This question is a spinoff from the following: How to extract raw ext3 inode data from disk?

I have a file /tmp/foo, whose contents are a simple text string "AAA". I would like to locate the disk block # this data resides on, extract the data in this block and make sure it indeed contains "AAA". So I do the following:

  1. stat foo which tells me its inode number is 318903
  2. debugfs -R 'imap <318903>' /dev/vda3 which tells me that this inode is located at block 1277956, offset 0x0600
  3. dumpe2fs /dev/vda3 which tells that the block size is 4096 (bytes) and the inode size is 256 (bytes)
  4. calculate offset of inode from start of disk in 256-byte chunks (makes it simpler to use dd to extract one 256-byte chunk): (1277956 x 4096) + (1536) / 256 = 20447302
  5. extract the inode from disk (raw data): dd if=/dev/sda3 of=/tmp/inode.0 bs=256 count=1 skip=20447302
  6. Look at the structure of the ext2 inode table (the ext3 inode has identical structure): http://www.nongnu.org/ext2-doc/ext2.html#INODE-TABLE
  7. Perform some tests to determine whether I have extracted the correct inode block: chgrp 1 /tmp/foo; dd if=/dev/sda3 of=/tmp/inode.1 bs=256 count=1 skip=20447302; cmp -l /tmp/inode.1 /tmp/inode.0. The output from cmp is the following:
13 217 362
14 225 222
25   1   0

Referencing the inode structure, we see that byte 25 corresponds to i_gid, so this confirms that we truly have extracted the correct inode block from disk (previous group was 0, now it is 1). Can also perform similar tests like changing ownership, changing file size by adding data, re-extract the inode from disk, and these tests continue to confirm we have the right inode block.

  1. Now, according to the documentation, bytes 41-44 of the inode table contains a pointer to the data block (the block # of the actual contents of the file - the file's data). If we do a byte-by-byte compare of our inode with a zero file, we can see the value of bytes 41-44: cmp -l /tmp/inode.1 /tmp/zero.256
 25   1   0
 27   1   0
 29  10   0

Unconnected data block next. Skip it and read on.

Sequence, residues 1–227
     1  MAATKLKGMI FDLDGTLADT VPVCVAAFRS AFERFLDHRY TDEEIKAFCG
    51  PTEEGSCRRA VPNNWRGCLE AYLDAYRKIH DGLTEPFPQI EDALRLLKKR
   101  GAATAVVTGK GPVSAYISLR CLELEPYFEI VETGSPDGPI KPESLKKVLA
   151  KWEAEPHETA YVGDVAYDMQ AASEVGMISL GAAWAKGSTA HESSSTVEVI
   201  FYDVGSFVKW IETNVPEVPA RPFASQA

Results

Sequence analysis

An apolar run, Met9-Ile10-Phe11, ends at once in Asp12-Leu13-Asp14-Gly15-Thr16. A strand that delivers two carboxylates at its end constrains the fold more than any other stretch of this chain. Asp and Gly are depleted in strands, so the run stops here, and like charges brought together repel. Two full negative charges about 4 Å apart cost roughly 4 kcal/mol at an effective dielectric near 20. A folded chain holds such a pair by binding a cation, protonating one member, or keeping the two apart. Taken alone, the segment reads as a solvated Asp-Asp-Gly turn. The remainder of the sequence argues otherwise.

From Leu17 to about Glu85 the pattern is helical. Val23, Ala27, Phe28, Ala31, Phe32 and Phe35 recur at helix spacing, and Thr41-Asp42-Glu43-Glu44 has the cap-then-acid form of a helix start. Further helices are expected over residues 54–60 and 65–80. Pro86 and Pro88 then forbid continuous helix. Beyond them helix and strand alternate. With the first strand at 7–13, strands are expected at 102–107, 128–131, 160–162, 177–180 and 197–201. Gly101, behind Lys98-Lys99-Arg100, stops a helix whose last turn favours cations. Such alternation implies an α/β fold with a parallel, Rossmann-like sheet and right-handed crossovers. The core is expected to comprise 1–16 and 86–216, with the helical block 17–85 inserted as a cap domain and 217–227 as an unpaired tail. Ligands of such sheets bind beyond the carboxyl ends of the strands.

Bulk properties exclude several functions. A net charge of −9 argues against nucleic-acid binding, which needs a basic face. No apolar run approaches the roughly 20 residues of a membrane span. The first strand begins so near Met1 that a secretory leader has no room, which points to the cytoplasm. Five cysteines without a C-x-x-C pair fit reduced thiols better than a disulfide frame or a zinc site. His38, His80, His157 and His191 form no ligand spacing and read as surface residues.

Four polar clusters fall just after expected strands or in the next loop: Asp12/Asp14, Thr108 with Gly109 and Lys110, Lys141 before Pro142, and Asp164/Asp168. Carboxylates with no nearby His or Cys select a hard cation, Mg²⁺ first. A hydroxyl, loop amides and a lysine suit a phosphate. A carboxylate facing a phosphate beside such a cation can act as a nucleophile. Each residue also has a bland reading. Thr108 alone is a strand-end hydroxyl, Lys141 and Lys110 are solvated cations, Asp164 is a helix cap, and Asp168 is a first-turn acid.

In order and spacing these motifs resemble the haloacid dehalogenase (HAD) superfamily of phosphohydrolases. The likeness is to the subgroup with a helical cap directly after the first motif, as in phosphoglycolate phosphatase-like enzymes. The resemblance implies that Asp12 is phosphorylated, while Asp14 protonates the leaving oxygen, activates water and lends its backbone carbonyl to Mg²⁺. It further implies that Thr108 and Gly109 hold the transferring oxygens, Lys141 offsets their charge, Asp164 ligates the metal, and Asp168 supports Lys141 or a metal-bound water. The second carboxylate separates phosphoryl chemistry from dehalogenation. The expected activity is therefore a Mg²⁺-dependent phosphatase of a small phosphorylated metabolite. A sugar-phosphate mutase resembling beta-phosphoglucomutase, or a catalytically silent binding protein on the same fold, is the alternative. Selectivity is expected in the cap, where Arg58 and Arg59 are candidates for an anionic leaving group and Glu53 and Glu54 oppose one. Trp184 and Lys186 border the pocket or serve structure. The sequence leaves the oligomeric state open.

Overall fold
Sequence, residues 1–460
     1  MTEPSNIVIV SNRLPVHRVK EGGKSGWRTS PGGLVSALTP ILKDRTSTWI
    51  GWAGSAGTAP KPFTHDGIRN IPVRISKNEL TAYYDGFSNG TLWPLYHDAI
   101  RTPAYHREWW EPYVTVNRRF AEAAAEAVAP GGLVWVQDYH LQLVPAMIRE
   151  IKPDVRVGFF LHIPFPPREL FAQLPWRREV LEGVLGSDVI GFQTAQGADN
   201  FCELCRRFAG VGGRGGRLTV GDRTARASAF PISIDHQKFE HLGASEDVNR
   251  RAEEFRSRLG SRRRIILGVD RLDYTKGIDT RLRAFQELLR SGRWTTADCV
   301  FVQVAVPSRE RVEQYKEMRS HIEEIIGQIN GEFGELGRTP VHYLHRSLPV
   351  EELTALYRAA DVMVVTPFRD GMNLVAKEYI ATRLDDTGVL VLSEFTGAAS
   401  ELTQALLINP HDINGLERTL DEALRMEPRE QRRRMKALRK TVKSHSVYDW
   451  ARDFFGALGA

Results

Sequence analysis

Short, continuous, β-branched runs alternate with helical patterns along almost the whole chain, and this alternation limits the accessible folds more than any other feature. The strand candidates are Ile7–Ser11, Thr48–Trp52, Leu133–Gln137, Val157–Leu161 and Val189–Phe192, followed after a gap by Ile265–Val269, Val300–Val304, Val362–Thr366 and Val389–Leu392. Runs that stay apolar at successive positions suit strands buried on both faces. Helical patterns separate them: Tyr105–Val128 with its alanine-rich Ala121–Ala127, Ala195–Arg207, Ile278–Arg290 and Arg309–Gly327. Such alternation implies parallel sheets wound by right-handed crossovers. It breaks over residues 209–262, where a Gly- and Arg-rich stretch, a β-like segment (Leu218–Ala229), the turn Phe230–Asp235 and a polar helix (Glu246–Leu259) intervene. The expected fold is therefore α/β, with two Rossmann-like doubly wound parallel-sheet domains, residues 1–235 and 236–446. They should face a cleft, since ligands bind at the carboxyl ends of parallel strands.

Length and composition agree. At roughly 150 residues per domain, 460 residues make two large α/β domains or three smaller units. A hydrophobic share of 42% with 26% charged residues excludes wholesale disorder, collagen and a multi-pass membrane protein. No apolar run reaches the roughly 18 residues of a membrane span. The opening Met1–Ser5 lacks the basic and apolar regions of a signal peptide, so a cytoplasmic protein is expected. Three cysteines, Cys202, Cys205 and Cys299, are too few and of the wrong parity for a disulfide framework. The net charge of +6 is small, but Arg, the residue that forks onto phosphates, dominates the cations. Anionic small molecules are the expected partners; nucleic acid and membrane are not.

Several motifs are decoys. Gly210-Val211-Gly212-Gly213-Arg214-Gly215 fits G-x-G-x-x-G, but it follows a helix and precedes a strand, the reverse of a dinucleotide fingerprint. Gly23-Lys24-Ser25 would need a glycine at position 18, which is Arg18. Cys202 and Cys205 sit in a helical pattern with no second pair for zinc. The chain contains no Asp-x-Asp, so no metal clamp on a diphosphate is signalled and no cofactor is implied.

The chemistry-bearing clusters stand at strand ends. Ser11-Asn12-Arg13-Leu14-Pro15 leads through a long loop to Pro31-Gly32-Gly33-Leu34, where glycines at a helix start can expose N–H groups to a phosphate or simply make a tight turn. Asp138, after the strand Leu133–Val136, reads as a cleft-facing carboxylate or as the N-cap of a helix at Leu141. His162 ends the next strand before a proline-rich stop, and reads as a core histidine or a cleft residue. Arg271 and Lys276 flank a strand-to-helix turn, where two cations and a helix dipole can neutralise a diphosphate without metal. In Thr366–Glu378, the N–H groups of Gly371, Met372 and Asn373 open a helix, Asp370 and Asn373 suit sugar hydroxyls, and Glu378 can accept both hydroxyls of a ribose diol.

41  56   0
 42 220   0
 43  23   0
101 275   0
102  53   0
103 240   0
104 374   0

"cmp" gives values in octal. So, assuming byte 44 is the high-order byte, then the value of the pointer in octal is 23 | 220 | 56. converting this to binary = 10011 | 10010000 | 00101110, or 100111001000000101110. Converting this to decimal = 1282094

  1. now, is "1282094" a reasonable block number for our data? If we look again at the output from dumpefs, we see that both our inode (block 1277956) and our data (block 1282094) fall within the range covered within block group 39, so it would seem we have a reasonable number:

Group 39: (Blocks 1277952-1310719) Inode table at 1277954-1278464 (+2)

  1. So, we should be able to use dd to extract the data block from disk, examine its contents and they should match the contents our file ("AAA"). But this is not what happens. What happens is the data block contains other stuff, and there is no "AAA" anywhere: dd if=/dev/vda3 of=/tmp/data bs=4096 count=1 skip=1282094; cmp -l /tmp/data /tmp/zero.4096
   1 333   0
   2 335   0
   3   4   0
   5  14   0
   7   1   0
   8   2   0
   9  56   0
  13 221   0
  14 335   0
  15   4   0
  17 364   0
  18  17   0
  19   2   0
  20   2   0
  21  56   0
  22  56   0

This doesn't look like the contents of /tmp/foo. I was thinking maybe I was off by one block, so I also extracted the surrounding blocks (1282093 and 1282095), but still did not find what I was looking for.

What's going on here? What is this extra stuff, and why is there no "AAA"?

11/14. SOLVED. turns out the filesystem had some issues (orphaned inodes and whatnot) which I fixed with fsck and now all is behaving as expected. I want to say thanks a bunch to both Wumpus and derobert (see comments) who offered a lot of invaluable insight and suggestions. Awesome.

closed as off-topic by Braiam, Ramesh, jasonwryan, jimmij, Anthon Jan 6 '15 at 19:03

This question appears to be off-topic. The users who voted to close gave this specific reason:

  • "Questions describing a problem that can't be reproduced and seemingly went away on its own (or went away when a typo was fixed) are off-topic as they are unlikely to help future readers." – Braiam, Ramesh, jasonwryan, jimmij, Anthon
If this question can be reworded to fit the rules in the help center, please edit the question.

  • I haven't checked all your calculations, but you can ask debugfs for a list of data blocks with stat. It will tell you immediately if 1282094 is correct. – Wumpus Q. Wumbley Nov 12 '14 at 18:35
  • Don't the docs say offsets 40 to 43, not 41 to 44? Anyway, when I try the related procedure for ext4 using ext4.wiki.kernel.org/index.php/Ext4_Disk_Layout#Extent_Tree it works for me. You may find filefrag -v your-file useful, as it'll tell you which blocks. Also, you did run sync, right? To make sure its actually written to disk. – derobert Nov 12 '14 at 18:37
  • @derobert 41 to 44 is because cmp -l numbers bytes from 1 instead of 0. – Wumpus Q. Wumbley Nov 12 '14 at 18:54
  • @WumpusQ.Wumbley Ah, that makes sense. And it outputs in octal, too. Sounds like a good reason to find a better tool! I have a vbindiff here. And searching finds a dhex. Both are editors, though. Or of course wdiff on xxd output. – derobert Nov 12 '14 at 18:57
  • I run debugfs 'stat' and indeed 1282094 is the correct data block. I double-checked it with filefrag too. @derobert: which command are you using to extract the data block? – Michael Martinez Nov 12 '14 at 20:29

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